View courses in
- All Departments
- African American Studies
- American & New England Studies
- Classical Studies
- Cognitive & Neural Systems
- Comparative Literature
- Computer Science
- Earth & Environment
- Editorial Studies
- History of Art & Architecture
- International Relations
- Marine Science
- Mathematics & Statistics
- Modern Languages & Comparative Literature: German
- Modern Languages: Language Learning & Teaching
- Modern Languages: Portuguese
- Molecular Biology, Cell Biology & Biochemistry
- Political Science
- Psychological & Brain Sciences
- Religious Studies (including Religion)
- Romance Studies: French Language & Literature
- Romance Studies: Hispanic Language & Literatures
- Romance Studies: Italian
- Study Abroad
- Women’s, Gender, & Sexuality Studies
GRS EN 757: Faulkner in Context
Faulkner's fiction as works that reflect, absorb, engage, and help constitute the discursive environments of his time. Faulkner as modernist wrestling with new technologies; regionalist in a globalized world; ex- colonial writer; agrarian critic of modern capitalism; chronicler of environmental degradation.
GRS EN 766: Milton Now
Explores Milton's work and the current formation of "Milton studies," focusing on four interrelated topics: modes of reading, historicism, secularism, and gender and sexuality. Asks how and why we read Milton now, engaging conversations about the fate of the humanities.
GRS EN 771: The Novel in Theory and History
An inquiry into the state of novel theory today and the problem of accounting for the emergence of prose fiction in male and female, Christian and non-Christian, Western and Eastern, Neoclassical and Enlightenment authors between 1650 and 1800.
GRS EN 778: Succession and Early Modern Tragedy
Early modern stagings of the logic and tragedy of succession. Readings include historical texts on Tudor- Stuart succession crises, several Shakespeare plays (incl. Lear, Macbeth), less canonical plays (Spanish Tragedy, Massacre at Paris), and contemporary letters (Queen Elizabeth, Arbella Stuart).
GRS EN 783: Modernist Gothic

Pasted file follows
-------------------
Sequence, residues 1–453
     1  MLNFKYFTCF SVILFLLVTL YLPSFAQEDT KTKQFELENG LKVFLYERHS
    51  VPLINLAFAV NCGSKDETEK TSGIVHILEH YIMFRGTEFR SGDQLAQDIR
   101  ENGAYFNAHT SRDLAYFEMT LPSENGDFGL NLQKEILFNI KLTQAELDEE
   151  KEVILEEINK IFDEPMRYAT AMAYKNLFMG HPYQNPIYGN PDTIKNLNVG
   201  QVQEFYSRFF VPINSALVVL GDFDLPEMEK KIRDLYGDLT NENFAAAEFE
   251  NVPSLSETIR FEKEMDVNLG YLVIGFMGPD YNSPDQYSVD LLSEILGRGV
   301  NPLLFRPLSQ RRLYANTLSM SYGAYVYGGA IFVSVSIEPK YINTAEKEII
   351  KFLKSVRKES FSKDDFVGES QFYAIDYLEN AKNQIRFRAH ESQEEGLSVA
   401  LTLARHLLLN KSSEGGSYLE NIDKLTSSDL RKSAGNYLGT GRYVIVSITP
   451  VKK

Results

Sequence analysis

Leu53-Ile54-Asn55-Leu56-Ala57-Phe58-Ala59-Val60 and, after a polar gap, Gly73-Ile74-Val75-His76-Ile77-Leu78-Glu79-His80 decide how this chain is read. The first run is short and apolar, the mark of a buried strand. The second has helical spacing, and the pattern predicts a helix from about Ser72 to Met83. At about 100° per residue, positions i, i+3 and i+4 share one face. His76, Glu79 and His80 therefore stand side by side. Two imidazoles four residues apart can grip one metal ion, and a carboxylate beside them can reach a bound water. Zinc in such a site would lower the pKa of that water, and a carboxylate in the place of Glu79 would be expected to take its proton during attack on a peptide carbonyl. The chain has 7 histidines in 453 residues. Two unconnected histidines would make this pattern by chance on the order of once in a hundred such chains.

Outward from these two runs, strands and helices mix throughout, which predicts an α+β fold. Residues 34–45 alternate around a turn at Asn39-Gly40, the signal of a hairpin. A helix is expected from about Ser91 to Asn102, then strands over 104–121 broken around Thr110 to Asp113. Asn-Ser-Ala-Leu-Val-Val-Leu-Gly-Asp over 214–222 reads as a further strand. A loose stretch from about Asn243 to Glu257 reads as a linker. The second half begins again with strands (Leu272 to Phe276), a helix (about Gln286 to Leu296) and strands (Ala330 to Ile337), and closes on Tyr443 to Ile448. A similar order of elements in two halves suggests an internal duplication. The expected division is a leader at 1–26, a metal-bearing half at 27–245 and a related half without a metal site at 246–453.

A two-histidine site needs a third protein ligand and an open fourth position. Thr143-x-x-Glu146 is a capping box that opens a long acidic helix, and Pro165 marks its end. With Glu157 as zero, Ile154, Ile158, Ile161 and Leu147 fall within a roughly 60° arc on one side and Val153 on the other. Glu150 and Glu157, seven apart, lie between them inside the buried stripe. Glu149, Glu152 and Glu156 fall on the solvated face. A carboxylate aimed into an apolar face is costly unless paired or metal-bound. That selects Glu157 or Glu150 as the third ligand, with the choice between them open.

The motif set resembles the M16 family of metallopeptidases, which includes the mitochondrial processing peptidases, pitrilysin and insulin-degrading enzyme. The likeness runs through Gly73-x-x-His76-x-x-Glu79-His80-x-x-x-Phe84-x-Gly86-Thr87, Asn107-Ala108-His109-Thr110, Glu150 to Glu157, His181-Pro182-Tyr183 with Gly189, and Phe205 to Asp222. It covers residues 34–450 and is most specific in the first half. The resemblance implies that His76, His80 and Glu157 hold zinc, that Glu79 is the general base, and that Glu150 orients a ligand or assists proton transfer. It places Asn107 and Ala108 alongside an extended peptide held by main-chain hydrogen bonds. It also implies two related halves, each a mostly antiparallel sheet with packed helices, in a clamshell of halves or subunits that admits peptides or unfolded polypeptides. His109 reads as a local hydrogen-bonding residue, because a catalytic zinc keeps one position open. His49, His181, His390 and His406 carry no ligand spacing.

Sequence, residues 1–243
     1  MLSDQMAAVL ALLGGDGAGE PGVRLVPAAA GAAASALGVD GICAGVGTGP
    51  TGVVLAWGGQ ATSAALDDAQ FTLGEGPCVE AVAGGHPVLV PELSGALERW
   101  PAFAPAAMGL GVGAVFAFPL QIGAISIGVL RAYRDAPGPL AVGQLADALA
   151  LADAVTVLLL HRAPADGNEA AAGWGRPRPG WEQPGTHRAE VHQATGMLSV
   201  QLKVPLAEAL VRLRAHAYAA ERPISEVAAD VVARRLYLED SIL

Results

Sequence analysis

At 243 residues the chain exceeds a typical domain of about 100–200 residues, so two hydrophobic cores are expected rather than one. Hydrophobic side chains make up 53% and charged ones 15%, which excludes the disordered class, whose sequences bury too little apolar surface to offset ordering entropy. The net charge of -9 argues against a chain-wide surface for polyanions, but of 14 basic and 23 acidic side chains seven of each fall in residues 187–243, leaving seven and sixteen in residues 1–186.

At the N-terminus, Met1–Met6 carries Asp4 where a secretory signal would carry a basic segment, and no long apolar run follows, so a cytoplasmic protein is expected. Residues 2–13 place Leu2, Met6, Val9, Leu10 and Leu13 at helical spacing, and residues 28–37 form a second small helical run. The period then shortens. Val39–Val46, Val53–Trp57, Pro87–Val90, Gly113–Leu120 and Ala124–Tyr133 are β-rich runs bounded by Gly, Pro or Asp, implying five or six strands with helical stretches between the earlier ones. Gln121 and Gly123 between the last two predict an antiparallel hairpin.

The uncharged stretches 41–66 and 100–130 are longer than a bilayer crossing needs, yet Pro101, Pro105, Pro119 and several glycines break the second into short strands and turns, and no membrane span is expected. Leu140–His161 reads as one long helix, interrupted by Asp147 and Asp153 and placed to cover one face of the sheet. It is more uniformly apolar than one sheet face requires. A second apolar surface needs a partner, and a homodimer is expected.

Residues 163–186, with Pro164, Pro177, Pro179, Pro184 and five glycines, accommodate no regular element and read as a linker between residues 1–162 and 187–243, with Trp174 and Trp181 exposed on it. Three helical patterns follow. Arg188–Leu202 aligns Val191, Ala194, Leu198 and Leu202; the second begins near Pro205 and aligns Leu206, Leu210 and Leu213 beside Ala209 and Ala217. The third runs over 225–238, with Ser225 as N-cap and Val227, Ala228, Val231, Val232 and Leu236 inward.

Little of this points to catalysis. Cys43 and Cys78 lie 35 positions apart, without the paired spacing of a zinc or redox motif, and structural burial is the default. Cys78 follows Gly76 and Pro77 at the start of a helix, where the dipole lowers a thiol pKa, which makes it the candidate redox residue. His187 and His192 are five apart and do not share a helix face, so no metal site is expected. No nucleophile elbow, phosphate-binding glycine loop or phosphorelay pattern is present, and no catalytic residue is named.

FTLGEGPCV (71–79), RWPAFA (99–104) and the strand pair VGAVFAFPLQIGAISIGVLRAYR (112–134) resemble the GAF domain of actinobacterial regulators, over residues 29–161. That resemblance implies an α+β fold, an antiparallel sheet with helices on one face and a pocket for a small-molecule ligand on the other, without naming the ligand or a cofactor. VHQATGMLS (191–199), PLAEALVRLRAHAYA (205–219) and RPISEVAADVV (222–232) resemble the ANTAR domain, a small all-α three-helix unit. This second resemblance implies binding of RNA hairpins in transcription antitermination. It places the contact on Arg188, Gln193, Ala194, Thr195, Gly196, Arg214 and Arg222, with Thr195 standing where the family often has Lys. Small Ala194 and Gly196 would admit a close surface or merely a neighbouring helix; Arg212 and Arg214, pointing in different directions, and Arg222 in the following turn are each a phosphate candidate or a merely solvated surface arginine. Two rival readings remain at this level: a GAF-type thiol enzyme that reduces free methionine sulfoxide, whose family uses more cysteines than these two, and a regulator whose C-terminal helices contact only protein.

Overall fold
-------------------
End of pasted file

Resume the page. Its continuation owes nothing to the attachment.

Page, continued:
Readings from Dorian Gray through Endgame, by such authors as Stoker, Conrad, Woolf, Barnes, Faulkner, Capote, Ellison, and Morrison, in relation to nineteenth-century precursors, contemporary emanations, monsters as myth, and conceptual framings from Arendt and Levi-Strauss through the posthuman. This is the same course listed as GRS EN 843 in the 2014/2015 GRS Bulletin.
GRS EN 786: Caribbean Provocations
Significant texts from the Anglophone Caribbean from 1912 to the present, challenging to read and to theorize. Locally inspired innovations in form, language, and perspective across genres. Likely authors: Naipaul, Harris, Kincaid, Walcott, Antoni, McKay, Goodison, Morris, Roach, Brathwaite, Johnson.
GRS EN 788: Transnational Modernism
This interdisciplinary course explores how globalization shaped the emergence of modernist styles in the U.S. and the Caribbean. Topics include transatlantic migration; the effects of mobilization and world war; the rise of black internationalism; and modernist indebtedness to Asian cultures.
GRS EN 794: Professional Seminar
Undergraduate Prerequisites: English PhD students in their final semester of coursework.
Developing professional skills and preparing for advanced independent scholarship for English doctoral students in the last semester of coursework. Course includes preparation for comprehensive exam and dissertation prospectus; conference paper submission; publication; fellowship and job applications.
GRS EN 843: Modernist Gothic
This course is now numbered GRS EN 783 for the Spring 2015 semester. Please refer to GRS EN 783 for a course description.
GRS EN 855: Modern Exoticism: Transnational Exchanged, Collaborations,Appropriations
Modernism as a global phenomenon marked by longings for and fears of the exotic, but also by encounters, collaborations, and generic exchanges. Focusing on dramatic and poetic forms, with readings in translation, performance, and postcolonial theory, subaltern and gender studies.
GRS EN 993: Directed Study in English
GRS EN 994: Directed Study in English
GRS EN 995: Directed Study in Playwriting
Graduate Prerequisites: thesis-level student in the MFA in Playwriting.
Directed study devoted to writing of the student's thesis play.